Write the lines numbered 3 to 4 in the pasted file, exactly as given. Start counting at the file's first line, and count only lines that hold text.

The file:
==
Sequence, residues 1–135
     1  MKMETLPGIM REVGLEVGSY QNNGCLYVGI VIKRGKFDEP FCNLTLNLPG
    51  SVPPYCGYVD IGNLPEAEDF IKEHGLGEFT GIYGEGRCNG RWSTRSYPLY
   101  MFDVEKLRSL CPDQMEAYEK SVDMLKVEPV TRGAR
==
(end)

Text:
    51  SVPPYCGYVD IGNLPEAEDF IKEHGLGEFT GIYGEGRCNG RWSTRSYPLY
   101  MFDVEKLRSL CPDQMEAYEK SVDMLKVEPV TRGAR